In terms of reducing wind power variability, the optimal hypothetical case would have been to combine production from two stations with correlation coefficient . The two combined sites would then be completely out of phase, and the sum of the individual productions would be constant in time, given equally installed capacity at each site. Since the synoptic weather systems constitute the main source of spatiotemporal variance in wind over open ocean, the connected production sites situated far apart in our site array will probably experience the most contrasting weather and therefore result in the largest dampening of the wind power intermittency. To quantify this, we investigated the pairwise correlation between the different wind power time series (Pw) as a function of distance and time lag between the hypothetically connected sites. Sinden (2007) analyzed the characteristics of the wind power resource for 66 onshore sites in the United Kingdom. He found a substantial reduction in the correlation between site pairs at separation distances less than 600 km. However, for wind sites located more than 800 km apart, the decrease in correlation is less pronounced, despite a further increase in the distance between them. Our results confirm this distance dependency of the correlation found in Sinden (2007): Fig. 4 illustrates how the correlation between station pairs changes as a function of the separation distance. The correlation drops off quickly as the distance (x) between the sites increases. After x≈800 km the decrease in correlation with distance is reduced to 0.1 and continues to decrease more slowly with increasing separation distance. It is expected that the correlation between site pairs will approach zero when the separation distance becomes large enough, meaning that the wind at these sites is completely independent. Some site pairs can even have slightly negative correlation. Reaching this slowdown in the relation between the correlation and the separation distance after x≈800 km indicates that combining sites outside a radius of x≈800 km for further variability reduction has almost a negligible effect for the length and timescales considered here. Nevertheless, the correlation coefficient never drops to zero, or below zero, over the range of the data covered in this study, indicating that none of these station pairs will either be anticorrelated or have completely independent production (r≤0).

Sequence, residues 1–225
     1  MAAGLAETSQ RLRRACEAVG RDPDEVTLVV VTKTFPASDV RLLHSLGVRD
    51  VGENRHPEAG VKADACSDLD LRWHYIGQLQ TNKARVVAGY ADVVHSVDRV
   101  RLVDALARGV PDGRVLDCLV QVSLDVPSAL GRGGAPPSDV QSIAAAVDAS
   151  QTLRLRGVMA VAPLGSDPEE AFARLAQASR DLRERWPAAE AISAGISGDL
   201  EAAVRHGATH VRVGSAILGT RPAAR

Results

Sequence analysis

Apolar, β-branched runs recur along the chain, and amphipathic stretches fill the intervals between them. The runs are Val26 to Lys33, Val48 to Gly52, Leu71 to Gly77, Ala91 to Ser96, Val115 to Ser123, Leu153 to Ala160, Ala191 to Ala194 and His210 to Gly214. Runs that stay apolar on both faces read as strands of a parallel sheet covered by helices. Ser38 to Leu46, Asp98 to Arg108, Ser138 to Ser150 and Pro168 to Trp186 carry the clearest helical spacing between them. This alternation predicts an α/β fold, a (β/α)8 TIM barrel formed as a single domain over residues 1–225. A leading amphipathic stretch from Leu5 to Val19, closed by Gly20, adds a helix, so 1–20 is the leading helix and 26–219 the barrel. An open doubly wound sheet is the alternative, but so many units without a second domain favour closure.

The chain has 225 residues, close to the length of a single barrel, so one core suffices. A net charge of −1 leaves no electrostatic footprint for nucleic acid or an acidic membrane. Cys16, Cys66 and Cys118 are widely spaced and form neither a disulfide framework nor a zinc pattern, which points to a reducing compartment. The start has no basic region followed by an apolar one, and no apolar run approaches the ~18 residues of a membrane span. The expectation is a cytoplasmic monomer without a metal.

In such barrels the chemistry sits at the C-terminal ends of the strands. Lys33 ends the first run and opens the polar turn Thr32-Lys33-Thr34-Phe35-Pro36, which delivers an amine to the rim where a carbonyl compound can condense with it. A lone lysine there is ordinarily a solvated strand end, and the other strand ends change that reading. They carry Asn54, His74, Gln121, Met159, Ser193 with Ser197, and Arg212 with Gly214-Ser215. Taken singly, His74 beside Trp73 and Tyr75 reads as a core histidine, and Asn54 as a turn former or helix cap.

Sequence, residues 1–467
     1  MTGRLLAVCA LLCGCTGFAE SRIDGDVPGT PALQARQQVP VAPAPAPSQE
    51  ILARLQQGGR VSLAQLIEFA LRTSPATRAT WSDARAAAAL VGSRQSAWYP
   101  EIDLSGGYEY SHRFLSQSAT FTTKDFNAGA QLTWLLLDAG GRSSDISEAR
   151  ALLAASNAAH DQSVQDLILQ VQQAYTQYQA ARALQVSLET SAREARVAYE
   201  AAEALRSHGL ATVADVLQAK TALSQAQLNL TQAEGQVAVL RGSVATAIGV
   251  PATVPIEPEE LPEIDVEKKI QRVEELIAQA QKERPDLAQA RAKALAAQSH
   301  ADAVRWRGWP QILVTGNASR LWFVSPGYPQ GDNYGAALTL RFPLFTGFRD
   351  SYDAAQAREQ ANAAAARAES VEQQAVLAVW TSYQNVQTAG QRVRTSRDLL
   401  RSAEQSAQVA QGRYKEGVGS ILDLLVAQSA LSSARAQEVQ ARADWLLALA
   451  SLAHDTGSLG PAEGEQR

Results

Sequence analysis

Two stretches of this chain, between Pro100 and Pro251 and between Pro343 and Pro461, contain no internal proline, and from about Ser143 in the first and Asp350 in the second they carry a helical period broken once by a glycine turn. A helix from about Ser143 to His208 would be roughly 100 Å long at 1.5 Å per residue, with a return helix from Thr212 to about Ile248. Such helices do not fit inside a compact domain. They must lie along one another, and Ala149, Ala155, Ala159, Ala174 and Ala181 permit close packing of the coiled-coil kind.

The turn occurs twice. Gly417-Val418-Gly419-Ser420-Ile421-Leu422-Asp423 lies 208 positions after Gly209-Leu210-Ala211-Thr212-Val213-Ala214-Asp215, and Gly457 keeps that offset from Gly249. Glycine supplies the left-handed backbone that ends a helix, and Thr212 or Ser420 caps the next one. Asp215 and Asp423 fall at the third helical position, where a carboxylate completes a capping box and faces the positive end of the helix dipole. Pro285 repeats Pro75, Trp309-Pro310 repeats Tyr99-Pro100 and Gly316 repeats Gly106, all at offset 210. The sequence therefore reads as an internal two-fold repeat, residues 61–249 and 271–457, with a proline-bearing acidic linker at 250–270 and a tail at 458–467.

The decorrelation length illustrates at what radius the wind power correlation drops to a fraction of the initial value at x=0. In our study, we use the e-folding distance2 as a measure of the decorrelation length L. The 10 station pairs are used to identify a best-fitting curve describing the dependency between correlation and separation distance, which will give a general description of the decorrelation length L (in kilometers). Identifying such a best-fitting curve may be challenging, and we therefore use three exponential functions with slightly different properties to indicate the uncertainty in the estimates due to the choice of fitting function. The exponential curves, together with the 10 correlation points are presented in Fig. 4, while the corresponding decorrelation lengths are presented in Table 3. The decorrelation length L is slightly more than 400 km. St. Martin et al. (2015) identify decorrelation lengths in the same order using the e-folding distance (L=388, L=685, and L=323 km for three different regions: southeastern Australia, Canada, and the northwestern US, respectively). Further, they argue that more correct decorrelation lengths can be obtained by using the e-folding distance times the nugget effect (βL) and even better results by using the integral-scale matrix ξτ. The integral-scale matrix is a measure of the distance required for the correlation to fall to a small value compared to unity. Both measures mentioned above gave a decorrelation length substantially less than the e-folding distance with βL=273, 447, 130 km and ξτ=273, 368, 89 km. St. Martin et al. (2015) also concluded that the decorrelation length is highly sensitive to the variability timescale. This result is also obtained in this study (not shown) and in Czisch and Ernst (2001). On timescales longer than a day, St. Martin et al. (2015) found that the benefit of variability reduction from aggregation of wind power over a region of a given size is independent of timescale. Therefore, if two of our offshore wind-producing sites were to balance each other at short timescales (<1 h), the separation distance could be further reduced from L=400 km. On the other hand, if they were to balance each other on longer timescales (>1 h), the separation distance would be larger than L=400 km. This is a significant result because it underlines the importance of considering timescales when combining wind-power-producing sites to reduce wind power intermittency.